A flurry of awesome research articles regarding Alzheimer's, Parkinson's, and other neurological disorders were published last week. Below are the top ones concerning dementia's relation to the cardiovascular system as well as a new bioengineered method of looking at the disease via protein-activation of neurotransmitters:

  1. Confirmed: There is No Risk of Contracting Dementia via Blood Transfusion

    What they found: The Karolinska Institutet found that though previous studies show that neurological diseases like Alzheimer's and Parkingson's can be induced in healthy laboratory animals through injection of diseased brain tissue from afflicted humans. A study to test whether blood transfusions from diseased persons would cause the same effect. The researchers conducted a study based on a unique Swedish-Danish transfusion database where 40000 patients have been given blood from donors diagnosed with one of the dementia diseases within 20 years of having given blood. The patients were followed up for a maximum of 44 years through the linking of a number of registries and a total of 1.4 million patients who had not received blood from donors with a subsequent diagnosis were used as controls. The principal investigator Gustaf Edgren, docent at the Department of Medical Epidemiology and Biostatistics said the research has found no indication that theses diseases can be transmitted via transfusions. Source [1]


  2. Diseased Brain Vessels = Higher Risk of Dementia

    What they found: Researchers at Rush Alzheimer's Disease Center analysed medical and pathologic data on the brains of 1,143 older individuals who donated it to research upon death. Of the thousand-something, 478 had Alzheimer's Disease dementia. The analyses revealed 39 percent of the participants had moderate to severe atherosclerosis which were bloodflow-obstructing plaques in larger arteries at the base of the brain and 35 percent had brain arteriosclerosis, stiffened or hardened smaller artery walls. Lower levels of thinking ability, like memory and other skills, were present in persons with and without dementia due to their atherosclerosis and arteriosclerosis. Dr. Zoe Arvanitakis, a neurologist and researcher who led the study, says "We hope to better distinguish how the clinical expression of vessel diseases in the brain differ from those of Alzheimer's, so that we may eventually use earlier and more targeted treatments for dementia." Source [2]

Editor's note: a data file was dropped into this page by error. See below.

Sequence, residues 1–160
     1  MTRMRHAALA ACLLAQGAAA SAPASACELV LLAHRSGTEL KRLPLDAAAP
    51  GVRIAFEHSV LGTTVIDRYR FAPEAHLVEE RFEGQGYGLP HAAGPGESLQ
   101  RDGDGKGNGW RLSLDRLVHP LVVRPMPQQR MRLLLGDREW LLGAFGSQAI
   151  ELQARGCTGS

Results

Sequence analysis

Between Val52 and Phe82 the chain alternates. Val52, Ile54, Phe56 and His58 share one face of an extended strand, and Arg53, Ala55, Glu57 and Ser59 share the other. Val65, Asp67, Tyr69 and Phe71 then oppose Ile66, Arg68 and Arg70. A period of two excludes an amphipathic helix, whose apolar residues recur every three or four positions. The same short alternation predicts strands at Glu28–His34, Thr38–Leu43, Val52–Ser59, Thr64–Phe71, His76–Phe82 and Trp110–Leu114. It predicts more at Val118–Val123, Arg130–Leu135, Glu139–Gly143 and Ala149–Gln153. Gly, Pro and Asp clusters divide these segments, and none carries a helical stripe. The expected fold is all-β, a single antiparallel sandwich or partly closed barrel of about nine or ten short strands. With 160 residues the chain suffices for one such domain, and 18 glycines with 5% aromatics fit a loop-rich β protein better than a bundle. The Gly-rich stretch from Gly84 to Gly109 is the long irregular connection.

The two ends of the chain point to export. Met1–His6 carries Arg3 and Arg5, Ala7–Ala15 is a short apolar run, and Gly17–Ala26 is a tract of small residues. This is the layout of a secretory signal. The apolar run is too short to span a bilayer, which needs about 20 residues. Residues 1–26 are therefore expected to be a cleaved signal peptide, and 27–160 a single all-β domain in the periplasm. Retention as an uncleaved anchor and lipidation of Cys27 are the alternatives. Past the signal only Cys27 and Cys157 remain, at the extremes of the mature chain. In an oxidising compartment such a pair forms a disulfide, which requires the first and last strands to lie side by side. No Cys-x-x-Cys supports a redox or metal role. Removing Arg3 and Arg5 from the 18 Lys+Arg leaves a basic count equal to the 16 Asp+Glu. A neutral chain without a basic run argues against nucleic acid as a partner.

Allosteric Activation

  3. Bioengineers Made a Switch that Can Turn Individual Neurotransmitter Receptors On and Off

    Researchers in Japan engineered an artificial switch that can turn individual neurotransmitter receptors on and off. These receptors' role in memory formation could contribute to the development of new drugs for neurological diseases, including Alzheimer's, Parkinson's, and ALS. Source [3]

  4. An HIV Drug May Be Able to Treat Alzheimer's Disease

Scientists at Case Western University, under the support in part by the Public Health Service Grant, was able to map the allosteric site in Cholesterol Hydroxylase CYP46A1 for efavirenz, a drug used to treat HIV infections. It stimulates an enzyme responsible for 80 percent of the cholesterol breakdown in the human brain. Source




[1] Karolinska Institutet. "No risk of contracting dementia through blood transfusion." ScienceDaily. ScienceDaily, 29 June 2016. <www.sciencedaily.com/releases/2016/06/160629100047.htm>.

[2] Rush University Medical Center. "Cerebrovascular disease linked to Alzheimer's: Study finds association between diseases in brain blood vessels and dementia." ScienceDaily. ScienceDaily, 1 July 2016. <www.sciencedaily.com/releases/2016/07/160701183319.htm>.

[3] Kyoto University. "Flipping a protein switch to illuminate brain functions: Pacman-shaped receptor's 'bite' sheds light on learning, memory processes." ScienceDaily. ScienceDaily, 27 June 2016. <www.sciencedaily.com/releases/2016/06/160627124921.htm>.